SOCIETY: THE TURKISH MILLET In the millet system Each community was responsible for The allocation and collection of its taxes Its educational arrangements Internal legal matters pertaining to marriage, divorce, inheritance In the pre-modern Middle East Identity was largely based on religion System functioned well until rise of European nationalism Most cities were divided into quarters based on religion, language
SAFAVID PERSIA Turkish conquerors of Persia and Mesopotamia (Iraq) Founder Shah Ismail (reigned 1501-1524) Claimed ancient Persian title of shah. Proclaimed Shiism official religion Imposed it on Sunni population Followers were qizilbash (or "Red Hats") Shiism Traced origins to 12 ancient Shiite imams Ismail believed to be twelfth, or "hidden," imam Theocracy Shah Abbas the Great (1588-1629) Revitalized the Safavid empire Modernized military Sought European alliances Permitted European merchants, missionaries New capital at Isfahan Centralized administration
MUGHAL EMPIRE Babur (1523-1530) Founder of Mughal ("Mongol") dynasty in India Central Asian Turk invaded India in 1523 Seized Delhi in 1526 By 1530, Mughal empire embraced most of India
MUGHAL EMPIRE Akbar (reigned 1556-1605) A brilliant charismatic ruler Created centralized, absolutist government Expanded to Gujurat, Bengal, S. India Encouraged religious tolerance Employed Hindus in his government Eliminated head tax on Hindus, banned sati Early Muslim rulers closely cooperated with Hindu majority Catholic missionaries welcomed at court of Akbar Aurangzeb (1659-1707) Expanded the empire to almost the entire Indian subcontinent Revoked policies of toleration: Hindus taxed, temples destroyed His rule troubled by religious tensions and hostility Arrival of Europeans: permitted them to trade, establish bases Under Aurangzeb: Islam proclaimed state religion, nonbelievers taxed
COMMERCE & DEMOGRAPHY Demographics Population growth less dramatic than in China, Europe India: significant growth due to intense agriculture Less dramatic growth in Safavid and Ottoman realms All empires were multi-national, multi-religious Commerce Long-distance trade important to all three empires Minorities controlled trade in all three states in trade diasporas Trade goods tended to be traditional arts, crafts; little manufacturing Ottomans, Safavids shared parts of east-west trade routes Safavids offered silk, carpets, ceramics to Europeans Mughal empires less attentive to foreign or maritime trading Mughals permitted stations for English, French, Dutch Europeans gradually exclude Indian influence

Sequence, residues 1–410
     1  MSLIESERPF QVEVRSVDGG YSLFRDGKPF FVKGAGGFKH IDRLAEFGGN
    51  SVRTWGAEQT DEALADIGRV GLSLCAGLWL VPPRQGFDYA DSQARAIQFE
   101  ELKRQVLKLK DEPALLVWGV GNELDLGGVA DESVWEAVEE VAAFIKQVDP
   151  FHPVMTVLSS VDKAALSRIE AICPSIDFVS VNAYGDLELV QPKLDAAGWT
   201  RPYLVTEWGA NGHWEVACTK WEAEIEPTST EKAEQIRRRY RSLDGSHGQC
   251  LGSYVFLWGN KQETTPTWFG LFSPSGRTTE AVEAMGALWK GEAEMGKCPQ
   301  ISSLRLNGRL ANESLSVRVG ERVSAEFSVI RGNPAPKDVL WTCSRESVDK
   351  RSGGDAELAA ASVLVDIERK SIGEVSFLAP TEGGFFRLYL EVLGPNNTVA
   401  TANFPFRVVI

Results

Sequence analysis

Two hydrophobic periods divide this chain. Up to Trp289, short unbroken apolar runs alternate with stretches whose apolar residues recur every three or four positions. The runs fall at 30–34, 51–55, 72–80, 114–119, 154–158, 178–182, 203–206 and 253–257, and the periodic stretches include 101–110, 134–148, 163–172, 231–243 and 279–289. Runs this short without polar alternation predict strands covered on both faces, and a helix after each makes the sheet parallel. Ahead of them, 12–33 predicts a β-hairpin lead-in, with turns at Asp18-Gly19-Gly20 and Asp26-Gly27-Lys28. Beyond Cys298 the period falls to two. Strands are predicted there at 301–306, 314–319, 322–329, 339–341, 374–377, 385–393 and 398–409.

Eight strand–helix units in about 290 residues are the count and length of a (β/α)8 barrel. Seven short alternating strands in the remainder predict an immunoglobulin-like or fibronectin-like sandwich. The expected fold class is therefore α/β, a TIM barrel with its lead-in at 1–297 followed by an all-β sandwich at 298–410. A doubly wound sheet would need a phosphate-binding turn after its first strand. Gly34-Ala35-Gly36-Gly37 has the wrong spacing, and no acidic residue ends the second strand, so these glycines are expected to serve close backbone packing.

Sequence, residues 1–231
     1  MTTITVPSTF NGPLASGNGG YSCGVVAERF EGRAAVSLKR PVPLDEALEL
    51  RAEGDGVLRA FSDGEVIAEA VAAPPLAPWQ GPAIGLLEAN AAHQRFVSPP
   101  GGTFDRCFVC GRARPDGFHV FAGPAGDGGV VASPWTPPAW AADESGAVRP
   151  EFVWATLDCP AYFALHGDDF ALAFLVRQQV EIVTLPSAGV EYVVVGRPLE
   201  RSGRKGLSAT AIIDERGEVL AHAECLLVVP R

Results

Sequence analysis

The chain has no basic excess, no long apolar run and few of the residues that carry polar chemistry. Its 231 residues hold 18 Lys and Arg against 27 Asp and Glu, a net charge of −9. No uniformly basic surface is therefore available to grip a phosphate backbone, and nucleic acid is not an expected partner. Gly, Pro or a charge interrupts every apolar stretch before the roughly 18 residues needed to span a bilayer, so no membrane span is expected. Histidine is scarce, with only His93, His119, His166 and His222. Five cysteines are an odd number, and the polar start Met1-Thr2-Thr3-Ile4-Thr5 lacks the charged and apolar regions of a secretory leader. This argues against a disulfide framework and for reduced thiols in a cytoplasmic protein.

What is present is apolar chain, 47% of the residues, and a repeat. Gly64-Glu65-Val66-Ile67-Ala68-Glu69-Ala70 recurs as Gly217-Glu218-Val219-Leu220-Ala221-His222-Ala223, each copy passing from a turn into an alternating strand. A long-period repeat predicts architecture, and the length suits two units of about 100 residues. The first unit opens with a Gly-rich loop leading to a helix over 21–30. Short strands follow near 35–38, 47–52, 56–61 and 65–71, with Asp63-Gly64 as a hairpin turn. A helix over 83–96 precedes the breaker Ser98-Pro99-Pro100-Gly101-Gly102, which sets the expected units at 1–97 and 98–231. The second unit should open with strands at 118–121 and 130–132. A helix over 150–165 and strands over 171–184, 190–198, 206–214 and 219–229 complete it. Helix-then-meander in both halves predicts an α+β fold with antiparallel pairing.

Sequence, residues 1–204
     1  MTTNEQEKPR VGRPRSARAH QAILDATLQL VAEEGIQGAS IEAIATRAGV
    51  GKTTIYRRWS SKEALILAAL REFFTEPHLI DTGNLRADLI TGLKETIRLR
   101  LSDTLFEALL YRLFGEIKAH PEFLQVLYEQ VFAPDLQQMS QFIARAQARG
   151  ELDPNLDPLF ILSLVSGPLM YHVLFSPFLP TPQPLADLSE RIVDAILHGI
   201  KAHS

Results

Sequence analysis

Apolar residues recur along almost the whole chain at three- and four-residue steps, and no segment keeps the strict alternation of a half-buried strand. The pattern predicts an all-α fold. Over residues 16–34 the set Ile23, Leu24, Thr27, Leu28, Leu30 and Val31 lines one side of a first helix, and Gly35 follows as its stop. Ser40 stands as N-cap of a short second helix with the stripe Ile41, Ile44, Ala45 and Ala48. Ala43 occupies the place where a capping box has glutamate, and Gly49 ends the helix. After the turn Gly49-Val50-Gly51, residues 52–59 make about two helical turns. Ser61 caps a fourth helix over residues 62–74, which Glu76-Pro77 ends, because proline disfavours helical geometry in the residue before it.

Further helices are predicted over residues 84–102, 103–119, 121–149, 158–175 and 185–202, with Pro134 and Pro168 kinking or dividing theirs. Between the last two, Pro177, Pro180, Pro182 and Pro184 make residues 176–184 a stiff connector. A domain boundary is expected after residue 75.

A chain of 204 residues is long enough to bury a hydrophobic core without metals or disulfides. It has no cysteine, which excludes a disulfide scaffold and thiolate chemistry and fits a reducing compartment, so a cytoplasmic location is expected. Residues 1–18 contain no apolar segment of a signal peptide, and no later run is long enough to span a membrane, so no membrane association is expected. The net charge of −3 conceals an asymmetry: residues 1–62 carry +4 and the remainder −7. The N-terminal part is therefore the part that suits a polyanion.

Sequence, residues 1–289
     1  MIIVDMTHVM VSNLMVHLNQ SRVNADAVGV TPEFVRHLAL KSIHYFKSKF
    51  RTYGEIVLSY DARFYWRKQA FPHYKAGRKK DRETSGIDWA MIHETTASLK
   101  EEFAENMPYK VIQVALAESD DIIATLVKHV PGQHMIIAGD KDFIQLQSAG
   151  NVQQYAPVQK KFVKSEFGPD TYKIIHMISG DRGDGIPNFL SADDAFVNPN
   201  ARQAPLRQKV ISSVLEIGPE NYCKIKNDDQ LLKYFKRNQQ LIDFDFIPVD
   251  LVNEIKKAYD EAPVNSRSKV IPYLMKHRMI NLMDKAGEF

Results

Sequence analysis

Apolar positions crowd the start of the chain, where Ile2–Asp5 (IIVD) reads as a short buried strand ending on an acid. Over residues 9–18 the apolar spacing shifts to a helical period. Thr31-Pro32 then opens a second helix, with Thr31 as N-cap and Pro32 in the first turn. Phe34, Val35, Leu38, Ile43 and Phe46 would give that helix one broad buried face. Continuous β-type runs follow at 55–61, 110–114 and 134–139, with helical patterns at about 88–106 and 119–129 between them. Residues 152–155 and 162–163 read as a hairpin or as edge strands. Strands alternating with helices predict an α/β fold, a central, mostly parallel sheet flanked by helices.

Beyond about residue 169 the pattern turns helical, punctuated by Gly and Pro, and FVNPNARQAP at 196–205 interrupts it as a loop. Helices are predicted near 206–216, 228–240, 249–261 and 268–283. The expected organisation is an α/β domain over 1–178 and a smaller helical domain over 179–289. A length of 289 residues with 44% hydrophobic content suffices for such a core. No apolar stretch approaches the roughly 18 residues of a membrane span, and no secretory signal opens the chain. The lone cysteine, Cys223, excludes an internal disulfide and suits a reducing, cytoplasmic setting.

RELIGIOUS AFFAIRS IN SUMMARY Religious diversity Created challenges to rule of empires Uniformity hard with religious differences Religious minorities g enerally tolerated in Islamic states In Ottoman empire Conquered peoples protected, granted religious, civil autonomy Organized into quasi-legal millets to regulate own affairs Much of population was Christian, Jewish Each communities had own millet which handled judicial affairs In Persia Shia were fanatical Enforced articles of faith Religious diversity in India under the rule of Akbar Akbar encouraged religious tolerance Advocated syncretic "divine faith“ Emphasizing loyalty to emperor Tolerated Sikhism A new faith arose by combing elements of Islam, Hinduism Egalitarian faith whose members were soldiers, merchants
DETERIORATION Dynastic decline Caused by negligent rulers, factions Constant competition between factions within government Former elite military units often became threats Government corruption Bribery became way of doing business Many officials pocketed taxes, overtaxed, etc. Harem politics Rulers raised in harems let sex carry them away Rulers took to drinking, partying too much Rulers’ mothers, wives jockeyed for position, sons Tensions increased Religious conservatives abandoned tolerance Ottoman conservatives Resisted innovations like the telescope, printing press Resisted western military innovations, industrialization Discouraged merchants, commercialism Safavid Empire Shiite leaders urged shahs to persecute Sunnis, Sufis Non-Muslims lost many protections Mughal India Aurangzeb's policies provoked deep animosity of Hindus Rise of Sikhs Rise of Christians with coming of Europeans